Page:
Tag Archives: policy

Inflation and unemployment – the Margaret Thatcher experience


From 1979, inflation doubled in the first year of the Thatcher administration from 10% to 22%. The recession that followed brought the rate down to 5% in 1980. At the same time, unemployment soared to a breathtaking three million – and that was the official figure.

For Thatcher, inflation was always a bigger priority than unemployment. This was unusual at the time because memories of the starving jobless in the 1930s still loomed large in Britain.

Whereas in Germany, memories of hyper-inflation chimed more with the Thatcher viewpoint. That’s not to say British people weren’t fed up with price rises in the 70s – but the spectre that haunted families more was the prospect of the breadwinner being out of work.

To combat inflation, Thatcher embraced an economic theory called “monetarism” that necessitated high interest rates, higher taxes (VAT doubled almost straight away) and sharp cuts in public spending. The result of what one politician dubbed “voodoo economics” was disastrous for millions of people between 1979 and 1981.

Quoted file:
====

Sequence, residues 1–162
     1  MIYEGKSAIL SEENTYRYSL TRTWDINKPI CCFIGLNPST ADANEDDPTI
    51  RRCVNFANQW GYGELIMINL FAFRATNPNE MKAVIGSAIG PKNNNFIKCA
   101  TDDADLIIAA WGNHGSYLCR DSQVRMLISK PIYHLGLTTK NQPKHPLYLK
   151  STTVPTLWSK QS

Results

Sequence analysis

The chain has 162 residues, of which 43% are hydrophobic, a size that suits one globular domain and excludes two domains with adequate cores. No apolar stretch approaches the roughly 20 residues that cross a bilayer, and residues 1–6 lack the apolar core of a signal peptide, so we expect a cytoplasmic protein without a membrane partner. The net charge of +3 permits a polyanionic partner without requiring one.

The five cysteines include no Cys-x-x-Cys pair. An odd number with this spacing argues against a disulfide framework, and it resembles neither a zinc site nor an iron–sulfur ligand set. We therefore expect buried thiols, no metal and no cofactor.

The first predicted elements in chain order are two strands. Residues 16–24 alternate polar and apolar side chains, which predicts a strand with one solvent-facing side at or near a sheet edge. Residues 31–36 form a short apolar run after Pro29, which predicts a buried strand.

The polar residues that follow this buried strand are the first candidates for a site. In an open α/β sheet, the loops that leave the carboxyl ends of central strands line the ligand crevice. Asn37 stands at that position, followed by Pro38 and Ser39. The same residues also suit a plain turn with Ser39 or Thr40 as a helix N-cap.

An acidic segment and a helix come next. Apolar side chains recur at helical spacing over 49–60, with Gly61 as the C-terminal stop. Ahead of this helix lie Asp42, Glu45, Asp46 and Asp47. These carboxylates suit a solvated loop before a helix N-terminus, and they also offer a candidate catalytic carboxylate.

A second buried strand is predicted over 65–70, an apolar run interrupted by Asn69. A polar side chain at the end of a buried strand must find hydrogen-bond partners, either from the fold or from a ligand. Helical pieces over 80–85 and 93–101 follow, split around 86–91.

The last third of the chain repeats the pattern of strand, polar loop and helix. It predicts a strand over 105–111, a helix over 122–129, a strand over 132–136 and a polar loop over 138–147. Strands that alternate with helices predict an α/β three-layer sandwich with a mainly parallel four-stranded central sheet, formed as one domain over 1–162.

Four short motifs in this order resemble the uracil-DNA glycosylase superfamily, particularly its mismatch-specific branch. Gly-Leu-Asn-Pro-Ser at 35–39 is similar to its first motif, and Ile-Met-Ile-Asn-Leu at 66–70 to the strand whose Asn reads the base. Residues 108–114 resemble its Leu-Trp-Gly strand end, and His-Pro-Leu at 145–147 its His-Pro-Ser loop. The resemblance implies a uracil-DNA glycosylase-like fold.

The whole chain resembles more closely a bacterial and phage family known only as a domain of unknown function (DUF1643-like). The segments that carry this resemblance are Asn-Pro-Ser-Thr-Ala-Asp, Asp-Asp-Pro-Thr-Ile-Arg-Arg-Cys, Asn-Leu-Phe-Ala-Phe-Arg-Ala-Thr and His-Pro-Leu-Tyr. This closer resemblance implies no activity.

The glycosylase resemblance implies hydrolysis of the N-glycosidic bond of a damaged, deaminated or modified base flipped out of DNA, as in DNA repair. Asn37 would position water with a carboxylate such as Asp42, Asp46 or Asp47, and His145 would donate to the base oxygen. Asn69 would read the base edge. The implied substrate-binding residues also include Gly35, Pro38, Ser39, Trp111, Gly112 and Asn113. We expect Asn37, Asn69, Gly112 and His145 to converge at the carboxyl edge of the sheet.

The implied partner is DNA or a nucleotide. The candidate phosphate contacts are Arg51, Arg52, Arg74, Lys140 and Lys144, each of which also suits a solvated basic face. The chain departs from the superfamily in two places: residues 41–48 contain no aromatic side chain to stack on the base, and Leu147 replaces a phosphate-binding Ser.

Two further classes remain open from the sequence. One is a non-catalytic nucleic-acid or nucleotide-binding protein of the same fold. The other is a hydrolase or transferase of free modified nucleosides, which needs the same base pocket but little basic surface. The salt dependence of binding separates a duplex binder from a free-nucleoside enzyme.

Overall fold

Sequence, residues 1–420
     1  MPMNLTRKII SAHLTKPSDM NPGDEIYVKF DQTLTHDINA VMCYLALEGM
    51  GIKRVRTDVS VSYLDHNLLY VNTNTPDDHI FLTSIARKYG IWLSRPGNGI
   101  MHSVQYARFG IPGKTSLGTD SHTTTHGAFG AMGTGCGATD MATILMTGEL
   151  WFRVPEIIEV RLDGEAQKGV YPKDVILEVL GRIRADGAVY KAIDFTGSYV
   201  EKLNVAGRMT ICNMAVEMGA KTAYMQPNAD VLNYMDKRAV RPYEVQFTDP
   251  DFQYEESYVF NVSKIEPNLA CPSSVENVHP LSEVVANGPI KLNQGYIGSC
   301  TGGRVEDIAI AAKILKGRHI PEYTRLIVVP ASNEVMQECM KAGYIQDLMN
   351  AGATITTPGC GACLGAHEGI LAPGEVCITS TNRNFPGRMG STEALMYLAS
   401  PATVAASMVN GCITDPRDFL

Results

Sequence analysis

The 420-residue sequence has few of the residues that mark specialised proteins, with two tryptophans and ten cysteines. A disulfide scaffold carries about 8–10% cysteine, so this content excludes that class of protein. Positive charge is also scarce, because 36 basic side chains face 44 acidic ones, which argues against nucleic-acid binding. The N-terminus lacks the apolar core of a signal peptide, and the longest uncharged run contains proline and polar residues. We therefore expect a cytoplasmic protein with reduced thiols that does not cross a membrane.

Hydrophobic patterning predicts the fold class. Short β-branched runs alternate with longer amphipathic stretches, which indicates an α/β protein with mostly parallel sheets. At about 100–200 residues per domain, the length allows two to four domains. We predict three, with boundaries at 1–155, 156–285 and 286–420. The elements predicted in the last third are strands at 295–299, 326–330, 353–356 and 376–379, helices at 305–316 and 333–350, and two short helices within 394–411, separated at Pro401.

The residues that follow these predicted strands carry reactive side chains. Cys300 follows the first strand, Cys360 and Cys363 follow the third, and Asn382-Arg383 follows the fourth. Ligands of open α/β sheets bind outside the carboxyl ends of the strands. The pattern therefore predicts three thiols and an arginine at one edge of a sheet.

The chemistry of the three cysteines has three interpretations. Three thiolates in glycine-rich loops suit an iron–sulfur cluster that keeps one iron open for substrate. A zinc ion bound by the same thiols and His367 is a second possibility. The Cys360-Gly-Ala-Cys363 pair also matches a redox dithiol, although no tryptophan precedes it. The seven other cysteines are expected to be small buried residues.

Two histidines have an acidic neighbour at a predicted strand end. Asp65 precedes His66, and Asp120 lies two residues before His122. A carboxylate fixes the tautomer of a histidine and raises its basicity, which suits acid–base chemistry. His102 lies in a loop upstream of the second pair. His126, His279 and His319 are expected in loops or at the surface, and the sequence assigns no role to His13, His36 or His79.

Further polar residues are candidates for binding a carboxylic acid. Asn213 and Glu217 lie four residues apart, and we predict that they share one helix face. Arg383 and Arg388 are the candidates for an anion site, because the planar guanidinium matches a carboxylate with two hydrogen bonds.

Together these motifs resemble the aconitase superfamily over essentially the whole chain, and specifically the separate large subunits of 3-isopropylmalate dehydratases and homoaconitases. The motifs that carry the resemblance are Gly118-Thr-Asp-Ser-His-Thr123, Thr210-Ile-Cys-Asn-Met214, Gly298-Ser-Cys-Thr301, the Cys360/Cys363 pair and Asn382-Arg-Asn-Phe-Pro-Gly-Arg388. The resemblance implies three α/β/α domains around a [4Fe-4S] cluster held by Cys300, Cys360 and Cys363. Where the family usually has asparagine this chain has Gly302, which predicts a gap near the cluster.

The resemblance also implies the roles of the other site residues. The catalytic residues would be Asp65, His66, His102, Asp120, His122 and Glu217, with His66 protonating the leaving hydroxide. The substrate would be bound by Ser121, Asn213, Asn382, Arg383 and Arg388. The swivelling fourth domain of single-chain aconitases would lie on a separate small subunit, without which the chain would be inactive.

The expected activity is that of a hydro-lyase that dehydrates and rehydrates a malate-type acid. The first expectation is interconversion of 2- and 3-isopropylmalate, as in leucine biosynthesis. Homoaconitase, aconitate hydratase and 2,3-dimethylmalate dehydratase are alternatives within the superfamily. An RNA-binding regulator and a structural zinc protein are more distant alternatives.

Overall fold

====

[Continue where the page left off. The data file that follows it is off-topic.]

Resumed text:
It didn’t even work very well as a theory. Inflation was brought under control by 1980 but the money supply continued to grow. So there were further spending cuts that led to calamitous falls in economic output and whole regions de-industrialised. Unsurprisingly – monetarism was dumped by 1984.

To get a clearer idea of Thatcher’s thinking on inflation, I found a 1974 speech made in Preston by Thatcher’s economic guru Keith Joseph. He made it very clear that inflation was regarded by the Tories as the main enemy and not the traditional bogey of unemployment.

In fact, he argued, governments had been so spooked by the Great Depression of the 1930s that they thought mass joblessness was always around the corner. So governments spent money and then tried to hold down pay with incomes policies – always unsuccessfully.

Keith Joseph’s words in 1974 make interesting reading given what was to happen in Thatcher’s first two years in power with unemployment leaping:

It is perhaps easy to understand; our post-war boom began under the shadow of the 1930s. We were haunted by the fear of long-term mass unemployment, the grim, hopeless dole queues and towns which died. So we talked ourselves into believing that these gaunt, tight-lipped men in caps and mufflers were round the corner, and tailored our policy to match these imaginary conditions. For imaginary is what they were.